October 07, 2012

The most dangerous animals are two legged

This was an article I wrote for Teacher Plus, October 2012. You can read it below, or go to this link: 


I have been reading about the proposed ban on tourism activities in core areas of tiger reserves in India (see box at the end of the article). I am not surprised at all by this move, having visited the Corbett National Park in Uttaranchal in July 2011. A brief account of my visit will tell you why I am not surprised...

My daughter and I were on the last lap of a ride in my cousins’ sports utility vehicle, in which they had set out on an ambitious drive along the entire border of India. We had joined them on the leg across the spectacular Himachal Pradesh and were to get off at Ramnagar (the gateway to Corbett), en route to Delhi and then back home to Hyderabad. It was 11.30 pm, and as we neared Ramnagar, the drive suddenly became exciting as we began hearing forest sounds and seeing fl ashing eyes and outlines of civets and deer. The hope of seeing more animals was dashed because we were suddenly in the midst of an endless row of guest houses and hotels... there were so many that it seemed like we were back in a busy suburb! Where had the jungle gone?

The sight of those guest houses was the first shock at Corbett.

In the resort where we stayed, we were told that there are two sides to the jungle – one, the famous and much-in-demand Corbett National Park; and the other, the Reserve Forest. Since there was a waiting list for the Park visit, and as we had no patience to stand in long queues, we decided to go to the Reserve Forest. “Animals don’t distinguish between names of forests”, the naturalist/guide reasoned. Another shock. Since we were told that there was no concept of a shared jeep, my daughter and I reluctantly hired ‘our very exclusive’ open-top jeep, forced to erase any concern about crowding the jungle with one more mechanical animal. The comforting factor was that our guide turned out to be a nice chap, well-informed and sensitive. The 4-hour drive began like a just-fl agged-off rally, with one jeep after another speeding into the jungle, filled with tourists shouting, hooting, singing, making merry. Were they on a picnic?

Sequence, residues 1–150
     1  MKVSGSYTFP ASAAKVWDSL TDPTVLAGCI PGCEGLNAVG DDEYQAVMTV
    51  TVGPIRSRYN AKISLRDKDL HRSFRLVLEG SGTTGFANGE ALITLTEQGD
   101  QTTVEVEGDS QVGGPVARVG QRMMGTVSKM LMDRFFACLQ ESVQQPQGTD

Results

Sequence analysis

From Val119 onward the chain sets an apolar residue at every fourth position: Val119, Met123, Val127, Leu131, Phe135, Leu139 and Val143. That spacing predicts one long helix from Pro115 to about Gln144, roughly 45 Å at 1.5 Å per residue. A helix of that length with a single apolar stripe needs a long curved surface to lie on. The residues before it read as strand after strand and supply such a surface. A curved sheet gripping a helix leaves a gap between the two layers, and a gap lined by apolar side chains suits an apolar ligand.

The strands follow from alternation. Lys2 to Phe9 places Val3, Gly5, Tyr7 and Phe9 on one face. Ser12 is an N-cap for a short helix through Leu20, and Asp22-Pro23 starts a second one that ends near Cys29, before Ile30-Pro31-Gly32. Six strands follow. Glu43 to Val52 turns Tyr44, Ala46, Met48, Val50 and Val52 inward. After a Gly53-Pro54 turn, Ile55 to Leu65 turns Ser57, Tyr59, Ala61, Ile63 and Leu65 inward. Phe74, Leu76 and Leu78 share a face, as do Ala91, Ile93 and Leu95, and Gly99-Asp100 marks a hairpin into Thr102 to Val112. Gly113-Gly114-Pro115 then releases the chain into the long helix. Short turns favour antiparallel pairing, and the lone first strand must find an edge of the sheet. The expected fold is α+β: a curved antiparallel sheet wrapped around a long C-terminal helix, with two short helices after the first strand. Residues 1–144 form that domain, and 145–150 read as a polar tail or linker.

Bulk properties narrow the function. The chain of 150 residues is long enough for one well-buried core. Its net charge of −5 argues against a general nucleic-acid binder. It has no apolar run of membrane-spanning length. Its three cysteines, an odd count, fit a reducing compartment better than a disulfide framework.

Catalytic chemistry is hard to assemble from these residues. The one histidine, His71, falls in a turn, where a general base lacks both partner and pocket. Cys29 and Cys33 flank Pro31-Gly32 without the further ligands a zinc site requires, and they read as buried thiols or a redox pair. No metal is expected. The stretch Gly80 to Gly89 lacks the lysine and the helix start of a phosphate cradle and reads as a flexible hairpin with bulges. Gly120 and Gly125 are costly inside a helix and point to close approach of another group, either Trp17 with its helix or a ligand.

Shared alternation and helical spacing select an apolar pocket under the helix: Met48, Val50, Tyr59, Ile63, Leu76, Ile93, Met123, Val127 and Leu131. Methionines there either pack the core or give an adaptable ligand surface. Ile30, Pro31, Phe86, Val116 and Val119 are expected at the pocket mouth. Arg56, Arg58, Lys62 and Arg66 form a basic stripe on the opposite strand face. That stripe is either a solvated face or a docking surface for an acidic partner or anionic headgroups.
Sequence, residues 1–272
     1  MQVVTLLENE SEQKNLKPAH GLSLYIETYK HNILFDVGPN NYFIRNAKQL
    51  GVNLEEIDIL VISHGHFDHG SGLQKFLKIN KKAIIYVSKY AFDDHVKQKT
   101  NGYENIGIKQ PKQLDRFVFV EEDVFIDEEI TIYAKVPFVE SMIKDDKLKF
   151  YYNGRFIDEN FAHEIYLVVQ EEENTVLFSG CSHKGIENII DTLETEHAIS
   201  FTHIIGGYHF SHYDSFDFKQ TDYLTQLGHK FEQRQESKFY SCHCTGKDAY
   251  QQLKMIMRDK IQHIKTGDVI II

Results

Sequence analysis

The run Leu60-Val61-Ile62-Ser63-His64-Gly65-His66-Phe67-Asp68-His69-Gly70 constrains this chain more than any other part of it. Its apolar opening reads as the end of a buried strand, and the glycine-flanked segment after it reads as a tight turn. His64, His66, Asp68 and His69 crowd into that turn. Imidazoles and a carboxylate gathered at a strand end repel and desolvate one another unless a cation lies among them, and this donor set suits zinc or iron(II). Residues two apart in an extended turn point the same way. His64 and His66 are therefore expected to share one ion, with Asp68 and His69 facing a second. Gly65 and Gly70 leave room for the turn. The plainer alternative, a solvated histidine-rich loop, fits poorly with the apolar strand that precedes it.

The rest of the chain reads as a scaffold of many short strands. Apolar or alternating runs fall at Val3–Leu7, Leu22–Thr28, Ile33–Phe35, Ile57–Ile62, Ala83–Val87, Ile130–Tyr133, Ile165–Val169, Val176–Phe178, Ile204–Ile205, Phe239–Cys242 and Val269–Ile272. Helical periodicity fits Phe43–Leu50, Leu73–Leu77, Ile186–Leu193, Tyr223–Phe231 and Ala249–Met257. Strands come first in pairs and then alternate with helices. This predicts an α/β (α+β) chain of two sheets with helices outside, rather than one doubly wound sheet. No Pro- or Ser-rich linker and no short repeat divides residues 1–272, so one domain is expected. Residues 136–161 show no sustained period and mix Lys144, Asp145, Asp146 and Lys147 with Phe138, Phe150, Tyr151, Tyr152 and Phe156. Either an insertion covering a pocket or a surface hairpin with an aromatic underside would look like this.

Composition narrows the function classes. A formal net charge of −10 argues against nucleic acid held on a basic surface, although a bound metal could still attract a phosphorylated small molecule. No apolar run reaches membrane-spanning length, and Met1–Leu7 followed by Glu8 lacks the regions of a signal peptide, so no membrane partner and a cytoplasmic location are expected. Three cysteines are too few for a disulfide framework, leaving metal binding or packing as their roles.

The drive into the forest
Corbett is an amazing jungle, and one finds a predominance of sal trees – the tiger’s favourite. There are also teak trees with humongous leaves, and several other tree species including Acacia (khair) and Indian rosewood (shisham). It is a beautiful, dense forest, and consists of grasslands, wetlands, riverine areas, water bodies and swamps. Our guide sensed our concern for nature, drove slow and pointed out various plants, trees, and mudhills; alerted us to the bird calls; and explained various aspects of conservation. We told him that we were not expecting to see any animals – that we did understand that they may not be seen because of the people and their preposterous behaviour. His response was simple: “The most dangerous animals are the two-legged ones!”

We could not spot too many animals, defi nitely not the tiger. However, we did see spotted deer, which darted away startled when they heard the loud horn of a jeep that overtook ours and zoomed off hurriedly. We also saw rhesus monkeys, langurs, a monitor lizard, a serpent eagle, several white-crested laughing thrushes whose decibel levels seemed louder than those of the tourists!

We drove deep inside, till we came to a temple called Sitavani where legend has it that Sita raised her twins – Lava and Kusha. It is not an impressive temple, but these legends are interesting. It is easy to imagine that Sita raised her children in this deep, beautiful forest, but then, there are many other places in India that are ‘home’ to the legend of Lava and Kusha, which is what our amazing country is all about, I suppose.

Outside Sitavani we also saw a small shop selling chips, biscuits and water in plastic packets. Yes, we also saw empty packets of the above strewn on the ground here and there.